The last Victorian

We are so utterly immersed in our cyber-enhanced world that it can be hard to properly understand the context surrounding the historic event of forty years ago today, so thoroughly does our current world view skew our perception of the word “technology”. To put things in proper perspective, the total computational power involved in the Apollo mission to the Moon was far less than the computing power contained in your cell phone.

When JFK launched his grand challenge to put a man on the Moon and bring him safely back before the decade was out, not even five years had elapsed since the first simple integrated circuit had been demonstrated in a laboratory. Telephones did not have computers in them. Nor did cars, ovens, toys, hotel doors, stereos, or the myriad other objects in one’s daily life.

Yes, there was already a fantasy of a technological future – the Jetsons come to mind – but that was more of a physical fantasy than a cybernetic one. The coolest thing about the Jetsons was their flying car – a natural extension of post-war America’s extended love affair with the automobile, and a collective cultural desire that dates back to Henry Ford in 1908.

Similarly George Jetson’s robotic housekeeper Rosie was not portrayed as a marvel of artificial intelligence, but rather as a thinly disguised gloss on the 1950s TV character Hazel – a smart-alecky blue collar housekeeper engaged in perpetual affectionate class warfare with her boss, the upwardly mobile suburbanite George Baxter. The only thing that really distinguished Rosie from Hazel was the way she managed to zoom around the house while balancing on what looked like a single tiny roller skate. Again, a celebration of mechanical innovation, not cybernetic advancement.

In other words, the world of the 1960s was still focused on the physical world as the ultimate measure of technological advancement – buildings that were the highest ever, weapons more explosive than any ever built before, jet planes and submarines and automobiles that broke all previous speed records. The most celebrated superhero was still Superman – that master of the physical, celebrated for his unparalleled strength, speed, ability to fly, even X-ray vision. The technological focus of the 1960s was, in essential ways, an extension of the Victorian, with its trains running ever faster, huge steamships sailing across the globe, mighty cities built with ever newer and stronger materials and methods of manufacture – not to mention those X-rays (first discovered in 1875).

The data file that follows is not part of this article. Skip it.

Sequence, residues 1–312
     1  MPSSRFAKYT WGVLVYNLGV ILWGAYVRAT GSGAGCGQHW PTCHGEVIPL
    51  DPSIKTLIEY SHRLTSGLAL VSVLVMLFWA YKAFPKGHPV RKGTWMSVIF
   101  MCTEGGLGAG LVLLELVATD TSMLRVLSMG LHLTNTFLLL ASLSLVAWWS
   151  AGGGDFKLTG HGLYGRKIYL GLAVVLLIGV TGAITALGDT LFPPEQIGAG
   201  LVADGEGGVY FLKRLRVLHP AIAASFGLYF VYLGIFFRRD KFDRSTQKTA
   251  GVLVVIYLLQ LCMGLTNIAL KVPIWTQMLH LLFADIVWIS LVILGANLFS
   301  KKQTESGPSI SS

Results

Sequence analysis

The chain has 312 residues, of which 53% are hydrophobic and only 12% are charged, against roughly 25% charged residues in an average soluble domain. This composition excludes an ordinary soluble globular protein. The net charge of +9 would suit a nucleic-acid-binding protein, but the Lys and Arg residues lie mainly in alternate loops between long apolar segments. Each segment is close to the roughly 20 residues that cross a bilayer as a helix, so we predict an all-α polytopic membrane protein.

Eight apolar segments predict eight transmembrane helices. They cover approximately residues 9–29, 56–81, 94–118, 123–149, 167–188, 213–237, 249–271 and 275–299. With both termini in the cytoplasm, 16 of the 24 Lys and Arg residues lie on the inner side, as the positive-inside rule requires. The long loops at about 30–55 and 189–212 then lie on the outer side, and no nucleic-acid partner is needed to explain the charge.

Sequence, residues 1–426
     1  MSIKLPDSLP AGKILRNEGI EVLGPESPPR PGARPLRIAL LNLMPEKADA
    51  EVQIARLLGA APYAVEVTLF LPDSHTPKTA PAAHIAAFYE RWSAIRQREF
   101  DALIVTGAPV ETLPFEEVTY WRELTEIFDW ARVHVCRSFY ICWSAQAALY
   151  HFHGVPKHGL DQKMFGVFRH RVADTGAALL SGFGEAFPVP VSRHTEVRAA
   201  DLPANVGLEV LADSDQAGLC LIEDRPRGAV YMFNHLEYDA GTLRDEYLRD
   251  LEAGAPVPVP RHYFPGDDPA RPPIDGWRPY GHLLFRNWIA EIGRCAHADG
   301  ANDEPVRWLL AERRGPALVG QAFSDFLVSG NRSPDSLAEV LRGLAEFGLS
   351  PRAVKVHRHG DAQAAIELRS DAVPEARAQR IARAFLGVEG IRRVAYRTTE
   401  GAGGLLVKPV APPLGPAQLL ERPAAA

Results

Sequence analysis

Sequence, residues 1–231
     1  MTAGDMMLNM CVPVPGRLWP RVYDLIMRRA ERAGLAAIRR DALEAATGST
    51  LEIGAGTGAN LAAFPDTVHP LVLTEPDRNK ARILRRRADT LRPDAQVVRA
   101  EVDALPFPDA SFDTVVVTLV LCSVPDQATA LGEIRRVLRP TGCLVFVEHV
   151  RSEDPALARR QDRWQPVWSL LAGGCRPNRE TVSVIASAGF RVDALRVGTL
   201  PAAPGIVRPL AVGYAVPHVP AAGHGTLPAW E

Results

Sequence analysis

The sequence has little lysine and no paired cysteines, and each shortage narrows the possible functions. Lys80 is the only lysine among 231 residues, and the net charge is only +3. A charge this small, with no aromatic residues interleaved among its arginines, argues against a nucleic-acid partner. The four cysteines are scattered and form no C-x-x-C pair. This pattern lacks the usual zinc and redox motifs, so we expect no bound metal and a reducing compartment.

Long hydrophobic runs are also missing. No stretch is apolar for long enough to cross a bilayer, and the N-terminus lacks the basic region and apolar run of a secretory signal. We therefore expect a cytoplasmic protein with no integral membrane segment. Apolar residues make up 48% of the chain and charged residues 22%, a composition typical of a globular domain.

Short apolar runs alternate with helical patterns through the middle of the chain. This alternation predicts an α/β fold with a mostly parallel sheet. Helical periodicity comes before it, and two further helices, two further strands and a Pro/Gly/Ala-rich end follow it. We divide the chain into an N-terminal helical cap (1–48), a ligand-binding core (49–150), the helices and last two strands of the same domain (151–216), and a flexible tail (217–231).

In an important way, that first footstep on the Moon was the paramount expression of the Victorian dream – a fantasy come true for anyone who grew up reading Jules Verne, H.G. Welles or Hugo Gernsback. Humans could truly say that they had passed the ultimate physical test – they had shown they could break the bonds that tied our species down to mother Earth.

But once having proved this, there was nowhere else to go. In a sense, the Moon landing was a death knell for such Victorian era dreams. What appeal could a mere train or jet plane or tall building hold for a species that had walked upon another heavenly body? What had been mere hopeful fantasy and speculation from the time of the ancient Greeks – and earlier – was now cold hard fact.